Every month, the Senator travels around the country speaking to stake holders in PATH, in a bid to ensure that they all buy into the concept in a way which ensures that it will work.

The Senator has also had the opportunity to make significant inroads on behalf of the disabled. He grins when he tells Outlook that he was cautioned by Prime Minister P. J. Patterson that he was not a 'Minister of the Disabled." Still, their interests are constantly on his agenda and it shows.

The sight-impaired Senator says a submission is going through the proper channels for a National Disability Law. This will assist in giving teeth to the National Disability Policy. The policy was developed in keeping with the United Nations' Standard Rules for the Equalisation of Opportunities for Persons with Disabilities.

The policy deals with 10 areas of public life in which disabled persons are disadvantaged ­ education, vocational training, employment, accommodation, communications, housing and accessibility, political and civil rights, family life, culture and recreation and sports.

Senator Morris says his passion for education has been influenced by his own experience. "My mother struggled with her dressmaking to send me to school. She insisted and I adopted that policy as my own, even when I graduated from high school and became blind. Now, here I am serving my country. It is a message to all young people who want to accomplish anything in life."

If the beneficiaries of PATH, specifically parents, would adhere to the principles laid out, we should see a significant change in the poverty index, the Senator believes.

Senator Morris is also deeply involved in the establishment of the education and adaptive aid fund for the disabled. The fund will be set up with money left by Margaret Moodie, late matron of the University Hospital of the West Indies. The money she left has been growing for 10 years and now stands at roughly $11 million, half of which will go towards the establishment of the education and adaptive aid fund.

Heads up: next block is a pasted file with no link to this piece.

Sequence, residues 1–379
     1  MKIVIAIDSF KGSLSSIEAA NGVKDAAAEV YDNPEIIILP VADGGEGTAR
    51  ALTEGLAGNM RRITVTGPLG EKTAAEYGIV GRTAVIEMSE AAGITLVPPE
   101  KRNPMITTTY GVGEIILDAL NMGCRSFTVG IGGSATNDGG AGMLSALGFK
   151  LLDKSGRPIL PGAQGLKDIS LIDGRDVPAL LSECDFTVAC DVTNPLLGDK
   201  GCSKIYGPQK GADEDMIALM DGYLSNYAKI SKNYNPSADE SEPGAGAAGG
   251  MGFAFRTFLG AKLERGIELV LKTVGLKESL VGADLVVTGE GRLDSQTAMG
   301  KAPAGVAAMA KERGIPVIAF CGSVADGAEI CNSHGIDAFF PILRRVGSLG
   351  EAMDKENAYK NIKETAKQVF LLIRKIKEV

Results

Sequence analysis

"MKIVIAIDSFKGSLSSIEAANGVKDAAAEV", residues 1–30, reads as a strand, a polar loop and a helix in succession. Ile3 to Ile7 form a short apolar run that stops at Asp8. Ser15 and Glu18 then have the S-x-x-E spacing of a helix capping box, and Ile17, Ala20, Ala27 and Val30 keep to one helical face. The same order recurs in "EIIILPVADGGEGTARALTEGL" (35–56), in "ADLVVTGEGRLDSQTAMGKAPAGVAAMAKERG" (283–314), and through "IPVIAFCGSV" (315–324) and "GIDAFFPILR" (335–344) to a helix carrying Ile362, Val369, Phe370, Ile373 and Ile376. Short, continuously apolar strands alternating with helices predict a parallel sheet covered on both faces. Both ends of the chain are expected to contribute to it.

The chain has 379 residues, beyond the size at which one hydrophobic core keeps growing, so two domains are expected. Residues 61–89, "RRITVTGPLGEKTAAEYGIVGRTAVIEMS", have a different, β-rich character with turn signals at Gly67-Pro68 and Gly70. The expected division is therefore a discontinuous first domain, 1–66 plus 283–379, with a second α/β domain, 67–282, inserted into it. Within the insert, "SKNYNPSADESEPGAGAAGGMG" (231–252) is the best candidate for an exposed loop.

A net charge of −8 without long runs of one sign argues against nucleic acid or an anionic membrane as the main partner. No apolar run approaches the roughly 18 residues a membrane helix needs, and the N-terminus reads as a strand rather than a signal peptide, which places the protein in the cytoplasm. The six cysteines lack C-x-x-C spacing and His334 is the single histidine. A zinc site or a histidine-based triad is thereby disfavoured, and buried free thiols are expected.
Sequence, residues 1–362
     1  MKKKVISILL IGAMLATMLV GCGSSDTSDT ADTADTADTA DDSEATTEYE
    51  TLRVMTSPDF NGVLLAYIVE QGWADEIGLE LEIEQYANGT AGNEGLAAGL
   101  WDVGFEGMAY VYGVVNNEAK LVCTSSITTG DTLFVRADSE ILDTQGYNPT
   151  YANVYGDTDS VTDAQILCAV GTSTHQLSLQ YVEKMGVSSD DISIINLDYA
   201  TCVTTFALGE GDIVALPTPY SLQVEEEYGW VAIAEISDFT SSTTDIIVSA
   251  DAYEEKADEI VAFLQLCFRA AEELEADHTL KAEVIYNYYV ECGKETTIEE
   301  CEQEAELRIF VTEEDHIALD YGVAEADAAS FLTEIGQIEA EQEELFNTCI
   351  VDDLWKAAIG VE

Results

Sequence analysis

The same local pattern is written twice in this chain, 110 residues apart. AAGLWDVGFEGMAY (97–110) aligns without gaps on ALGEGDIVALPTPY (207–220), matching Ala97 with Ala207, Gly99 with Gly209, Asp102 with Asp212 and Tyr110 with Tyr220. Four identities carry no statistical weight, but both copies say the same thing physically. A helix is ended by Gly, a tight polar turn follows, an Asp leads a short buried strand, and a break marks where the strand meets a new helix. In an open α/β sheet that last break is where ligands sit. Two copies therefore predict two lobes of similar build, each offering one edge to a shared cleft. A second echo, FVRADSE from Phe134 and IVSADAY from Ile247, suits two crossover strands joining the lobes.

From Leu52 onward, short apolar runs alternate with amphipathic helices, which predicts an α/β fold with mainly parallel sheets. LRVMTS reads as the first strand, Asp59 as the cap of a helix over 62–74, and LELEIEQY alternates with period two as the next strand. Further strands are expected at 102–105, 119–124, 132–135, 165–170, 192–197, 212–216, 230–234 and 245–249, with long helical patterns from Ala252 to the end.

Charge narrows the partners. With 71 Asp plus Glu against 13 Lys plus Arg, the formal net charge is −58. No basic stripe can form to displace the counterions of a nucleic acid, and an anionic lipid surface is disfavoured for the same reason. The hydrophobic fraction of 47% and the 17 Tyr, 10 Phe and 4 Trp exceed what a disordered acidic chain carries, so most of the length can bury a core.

Senator Morris has also spearheaded an information technology project for the disabled. Currently, he has also joined the battle on the side of deaf drivers in the matter of getting driver's licences. While now they avoid the problems here by going abroad to get inter-national driving licences, this should not be so, Senator Morris says. Alongside all of this, he continues to work on issues affecting the aged in Jamaica.

The chauffeur-driven junior minister whose delight is to visit the countryside says that his greatest ambition in life is to get back to St. Mary where he will become "the best farmer the country has seen".

He has been involved in farming projects for a while, starting with a chicken project which helped him to pay his way through school. He is currently the owner of a 27-acre farm in the parish which he is preparing for pepper, pumpkin and plantain.

Regular games of dominoes

Outside of work, the Senator enjoys regular games of dominoes and is also a football enthusiast who attends as many national games as possible and is involved in football support in his home parish of St. Mary. Asked how he managed to follow the play when he cannot see, he says that his phone makes it all possible, as it is also a radio which he uses to follow the commentary.

Senator Morris who is a Christian of the Seventh-Day Adventist faith, also loves gospel concerts. Wedding bells are likely to toll in the not too distant future as he is close to a "beautiful administrator".

"People ask me how a blind man was able to get such a beautiful woman, but attraction is not only physical, but internal as well," he insists.

The Senator holds no grudges when he goes to bed at around 10 at nights. About those who doubted his ability to do the job of junior minister, he says, "I have a high level of self-confidence. It does not matter what people have to say."

What matters is what he gets done. By all indications the Minister is keeping productively active, inside and outside the House.

More Outlook